Regulatory Effect of EREG on MSCs Function
EREG mainly affects the expression levels of a series of cytokines such as inflammatory factors and chemotactic factors in MSCs via the paracrine pathway. It enhances the viability of MSCs, improves the ischemic hypoxic microenvironment of local defects, and regulates the recruitment of inflammatory cells under it. This promotes MSCs-mediated anti-inflammatory, wound healing and injury repair treatments and has the effect of improving the local microenvironment. Harada et al. indicated that EREG induces paracrine expression of IL-6 and chemokines via the PI3K/Akt pathway, thereby regulating the response of keratinocytes to immune and inflammatory responses. And the local tissue closure of EREG inhibits the development of cytokine-induced inflammation. EREG plays an important role in in vitro expansion of MSCs, directed homing/migration to the target of injury, and multidirectional differentiation of MSCs. This suggests that EREG can be used to improve and promote homing/migration of MSCs, promote in vitro expansion of MSCs, and maintain their therapeutic potential.
The pluripotent MSCs-mediated injury tissue repair therapy has become the most prominent research direction in the field of regenerative medicine. However, the mechanism of directed differentiation of MSCs is not fully understood at present, and several research groups have found that there are differences in the expression of growth factors in MSCs in different cell environments. Therefore, the identification of expression patterns of growth factors involved in the proliferation and differentiation of MSCs in developmental and defect repair will provide a good way to understand the molecular mechanisms underlying MSCs-mediated regeneration. Studies have shown that in the presence of EGF, bFGF and other epidermal growth factors, hair follicle mesenchymal stem cells are more likely to maintain their osteogenic, adipogenic and chondrogenic differentiation potential. Gao et al. reported a significant up-regulation of EREG expression in dental pulp stem cells or root canal papilla stem cells by growth factor PCR and immunofluorescence analysis. Moreover, EREG is highly expressed in the dental papilla tissue of the late bell-shaped period of teeth development, thereby promoting the deposition of the interdental interstitium. Adult dental pulp cells can restore the differentiation ability of dental pulp tissue after they are induced by EREG.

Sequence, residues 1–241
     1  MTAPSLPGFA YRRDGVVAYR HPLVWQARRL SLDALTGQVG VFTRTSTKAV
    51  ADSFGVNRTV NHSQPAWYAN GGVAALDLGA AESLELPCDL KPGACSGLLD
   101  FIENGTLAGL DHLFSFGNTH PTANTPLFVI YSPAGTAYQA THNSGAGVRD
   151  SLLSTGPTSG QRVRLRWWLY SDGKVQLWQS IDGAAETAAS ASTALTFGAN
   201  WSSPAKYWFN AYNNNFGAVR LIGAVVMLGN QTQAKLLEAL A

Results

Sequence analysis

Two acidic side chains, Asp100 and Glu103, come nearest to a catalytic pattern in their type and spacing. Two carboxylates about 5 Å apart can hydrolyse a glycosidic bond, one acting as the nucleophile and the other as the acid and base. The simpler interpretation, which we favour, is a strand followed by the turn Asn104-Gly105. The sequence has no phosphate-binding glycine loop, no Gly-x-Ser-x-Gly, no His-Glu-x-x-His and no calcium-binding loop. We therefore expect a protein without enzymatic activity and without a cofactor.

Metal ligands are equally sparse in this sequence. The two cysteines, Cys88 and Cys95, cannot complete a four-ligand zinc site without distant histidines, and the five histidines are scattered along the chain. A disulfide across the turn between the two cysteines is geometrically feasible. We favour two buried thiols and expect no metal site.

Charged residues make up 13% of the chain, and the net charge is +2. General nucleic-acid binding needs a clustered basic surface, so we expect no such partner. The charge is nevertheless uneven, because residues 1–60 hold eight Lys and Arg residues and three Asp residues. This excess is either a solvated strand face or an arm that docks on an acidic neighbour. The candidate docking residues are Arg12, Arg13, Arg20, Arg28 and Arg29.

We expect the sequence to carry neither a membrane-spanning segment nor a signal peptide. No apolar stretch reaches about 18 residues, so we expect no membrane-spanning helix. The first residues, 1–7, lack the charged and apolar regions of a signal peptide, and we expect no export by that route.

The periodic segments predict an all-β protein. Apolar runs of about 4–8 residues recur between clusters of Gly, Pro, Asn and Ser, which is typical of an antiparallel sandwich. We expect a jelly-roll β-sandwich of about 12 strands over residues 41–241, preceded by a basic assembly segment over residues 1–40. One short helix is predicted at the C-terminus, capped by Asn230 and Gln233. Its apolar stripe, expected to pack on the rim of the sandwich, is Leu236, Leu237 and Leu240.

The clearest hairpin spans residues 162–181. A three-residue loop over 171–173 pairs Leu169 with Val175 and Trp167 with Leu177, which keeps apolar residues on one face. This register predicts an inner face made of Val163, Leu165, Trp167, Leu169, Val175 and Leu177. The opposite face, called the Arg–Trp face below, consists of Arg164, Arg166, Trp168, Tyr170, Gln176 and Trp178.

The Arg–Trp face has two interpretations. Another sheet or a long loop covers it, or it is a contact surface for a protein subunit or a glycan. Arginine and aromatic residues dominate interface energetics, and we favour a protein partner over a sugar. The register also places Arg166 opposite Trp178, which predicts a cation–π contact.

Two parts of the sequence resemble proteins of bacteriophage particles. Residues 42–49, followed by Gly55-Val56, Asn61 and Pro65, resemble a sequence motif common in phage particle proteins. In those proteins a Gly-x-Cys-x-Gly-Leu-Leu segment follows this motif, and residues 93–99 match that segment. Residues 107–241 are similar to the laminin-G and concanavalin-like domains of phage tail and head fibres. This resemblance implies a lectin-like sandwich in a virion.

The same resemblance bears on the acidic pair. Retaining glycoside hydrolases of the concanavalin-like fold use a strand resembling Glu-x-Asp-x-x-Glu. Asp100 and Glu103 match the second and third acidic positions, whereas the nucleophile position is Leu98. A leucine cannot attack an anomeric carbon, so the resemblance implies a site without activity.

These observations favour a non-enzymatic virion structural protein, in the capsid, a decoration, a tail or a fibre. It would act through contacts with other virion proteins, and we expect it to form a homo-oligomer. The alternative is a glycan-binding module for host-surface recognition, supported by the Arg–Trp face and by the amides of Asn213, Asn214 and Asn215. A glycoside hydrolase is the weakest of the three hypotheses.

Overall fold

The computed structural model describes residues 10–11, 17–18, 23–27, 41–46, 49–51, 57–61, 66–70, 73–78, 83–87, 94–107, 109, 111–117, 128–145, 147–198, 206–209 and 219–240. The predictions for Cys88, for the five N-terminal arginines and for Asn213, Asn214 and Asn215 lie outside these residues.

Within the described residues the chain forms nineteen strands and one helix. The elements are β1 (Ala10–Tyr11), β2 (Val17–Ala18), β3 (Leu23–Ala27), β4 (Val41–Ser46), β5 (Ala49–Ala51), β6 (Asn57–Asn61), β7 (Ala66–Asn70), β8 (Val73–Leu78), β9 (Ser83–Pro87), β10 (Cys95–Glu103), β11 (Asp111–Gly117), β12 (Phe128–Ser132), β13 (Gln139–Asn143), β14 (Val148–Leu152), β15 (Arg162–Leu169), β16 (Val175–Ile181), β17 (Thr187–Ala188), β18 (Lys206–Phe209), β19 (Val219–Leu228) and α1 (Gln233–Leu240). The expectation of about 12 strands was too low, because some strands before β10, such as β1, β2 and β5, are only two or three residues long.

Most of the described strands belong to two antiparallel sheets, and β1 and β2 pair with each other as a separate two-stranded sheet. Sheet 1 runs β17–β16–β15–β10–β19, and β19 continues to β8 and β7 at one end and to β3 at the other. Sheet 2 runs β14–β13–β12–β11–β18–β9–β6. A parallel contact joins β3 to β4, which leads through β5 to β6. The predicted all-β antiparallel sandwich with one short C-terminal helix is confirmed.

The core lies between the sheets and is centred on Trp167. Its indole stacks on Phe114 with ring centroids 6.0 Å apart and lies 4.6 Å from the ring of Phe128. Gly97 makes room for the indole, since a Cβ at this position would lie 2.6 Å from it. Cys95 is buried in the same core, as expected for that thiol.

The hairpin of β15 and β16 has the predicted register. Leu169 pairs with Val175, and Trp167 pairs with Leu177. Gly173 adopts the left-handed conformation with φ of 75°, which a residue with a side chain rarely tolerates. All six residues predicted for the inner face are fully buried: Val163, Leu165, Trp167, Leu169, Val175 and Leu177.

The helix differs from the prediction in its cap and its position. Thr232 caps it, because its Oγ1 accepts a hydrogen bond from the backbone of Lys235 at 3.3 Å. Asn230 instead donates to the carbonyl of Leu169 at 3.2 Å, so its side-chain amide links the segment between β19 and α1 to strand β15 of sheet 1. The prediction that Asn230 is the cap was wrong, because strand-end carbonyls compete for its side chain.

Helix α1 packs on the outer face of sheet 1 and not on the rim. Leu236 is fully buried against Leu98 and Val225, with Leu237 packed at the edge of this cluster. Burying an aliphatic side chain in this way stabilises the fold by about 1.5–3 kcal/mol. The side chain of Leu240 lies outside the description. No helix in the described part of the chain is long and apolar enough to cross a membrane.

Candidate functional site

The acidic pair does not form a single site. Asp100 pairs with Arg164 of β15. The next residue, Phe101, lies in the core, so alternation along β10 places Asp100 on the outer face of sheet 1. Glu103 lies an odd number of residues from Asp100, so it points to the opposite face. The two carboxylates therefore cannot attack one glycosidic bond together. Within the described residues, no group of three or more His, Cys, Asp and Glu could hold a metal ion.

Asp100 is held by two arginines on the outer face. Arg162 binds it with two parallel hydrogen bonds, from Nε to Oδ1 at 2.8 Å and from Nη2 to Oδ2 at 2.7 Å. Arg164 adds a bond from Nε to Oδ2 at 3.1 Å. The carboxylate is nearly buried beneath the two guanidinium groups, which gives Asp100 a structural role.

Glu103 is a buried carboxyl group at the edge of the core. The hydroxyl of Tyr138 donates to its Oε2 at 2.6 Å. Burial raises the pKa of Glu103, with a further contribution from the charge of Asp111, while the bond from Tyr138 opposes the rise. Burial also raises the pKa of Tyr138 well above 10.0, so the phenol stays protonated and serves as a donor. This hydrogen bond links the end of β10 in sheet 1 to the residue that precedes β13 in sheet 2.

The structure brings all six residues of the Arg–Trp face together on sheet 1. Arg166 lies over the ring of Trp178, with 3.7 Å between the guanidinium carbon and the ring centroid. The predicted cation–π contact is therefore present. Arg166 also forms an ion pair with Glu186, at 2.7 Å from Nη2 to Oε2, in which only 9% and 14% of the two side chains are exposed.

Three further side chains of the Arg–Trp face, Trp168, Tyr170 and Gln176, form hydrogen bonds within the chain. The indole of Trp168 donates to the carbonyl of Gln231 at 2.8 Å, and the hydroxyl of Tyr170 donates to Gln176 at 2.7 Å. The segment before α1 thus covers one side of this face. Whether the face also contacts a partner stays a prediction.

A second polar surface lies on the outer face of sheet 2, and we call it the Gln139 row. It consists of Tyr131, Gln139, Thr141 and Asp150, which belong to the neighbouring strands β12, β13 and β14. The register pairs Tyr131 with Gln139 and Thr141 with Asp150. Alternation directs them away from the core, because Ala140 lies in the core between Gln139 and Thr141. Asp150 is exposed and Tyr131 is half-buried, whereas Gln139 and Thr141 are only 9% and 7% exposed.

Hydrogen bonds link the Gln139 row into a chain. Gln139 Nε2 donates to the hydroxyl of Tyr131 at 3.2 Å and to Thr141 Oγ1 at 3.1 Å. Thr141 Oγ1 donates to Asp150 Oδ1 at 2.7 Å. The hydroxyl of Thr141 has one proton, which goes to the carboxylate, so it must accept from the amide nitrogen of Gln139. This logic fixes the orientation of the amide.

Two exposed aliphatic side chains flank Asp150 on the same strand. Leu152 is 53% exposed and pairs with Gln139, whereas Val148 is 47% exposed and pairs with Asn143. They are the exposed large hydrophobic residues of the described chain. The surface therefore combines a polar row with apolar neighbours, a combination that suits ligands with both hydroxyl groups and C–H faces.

Du et al. found that the BCOR/FBXL11 complex regulates the expression level of the EREG gene promoter region and affects the expression level of EREG, thereby regulating the ability of apical papillary stem cell-mediated osteogenic differentiation in nude mice. Studies have shown that EGF and bFGF pretreatment can enhance the neurogenic differentiation of BMSCs. It has also been reported that in liver injury, bone marrow-derived MSCs are infused and differentiated to promote regeneration, whereas hepatic progenitor cells differentiate into hepatocytes when co-cultured with BMSCs. Tomita et al. reported that EREG cooperates with FGF2 to regulate this process.